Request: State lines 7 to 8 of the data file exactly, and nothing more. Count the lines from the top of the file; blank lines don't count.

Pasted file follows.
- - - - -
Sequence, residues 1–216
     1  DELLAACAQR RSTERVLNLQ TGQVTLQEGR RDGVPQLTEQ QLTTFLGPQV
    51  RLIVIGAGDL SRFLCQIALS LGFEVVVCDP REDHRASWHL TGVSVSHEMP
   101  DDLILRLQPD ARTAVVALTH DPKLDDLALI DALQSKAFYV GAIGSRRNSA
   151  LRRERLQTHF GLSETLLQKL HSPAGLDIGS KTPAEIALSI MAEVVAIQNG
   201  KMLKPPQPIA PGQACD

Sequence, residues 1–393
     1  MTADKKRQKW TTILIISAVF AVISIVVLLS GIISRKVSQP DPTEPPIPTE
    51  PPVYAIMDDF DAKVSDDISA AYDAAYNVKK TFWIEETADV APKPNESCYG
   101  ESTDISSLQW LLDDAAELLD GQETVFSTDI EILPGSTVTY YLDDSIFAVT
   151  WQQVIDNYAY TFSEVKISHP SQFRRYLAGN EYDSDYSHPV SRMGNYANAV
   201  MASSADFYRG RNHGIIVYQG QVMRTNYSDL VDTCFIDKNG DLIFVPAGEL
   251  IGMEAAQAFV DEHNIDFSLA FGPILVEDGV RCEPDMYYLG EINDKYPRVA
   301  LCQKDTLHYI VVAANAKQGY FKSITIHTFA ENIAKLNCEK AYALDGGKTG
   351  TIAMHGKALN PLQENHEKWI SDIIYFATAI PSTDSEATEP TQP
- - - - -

Sequence, residues 1–393
     1  MTADKKRQKW TTILIISAVF AVISIVVLLS GIISRKVSQP DPTEPPIPTE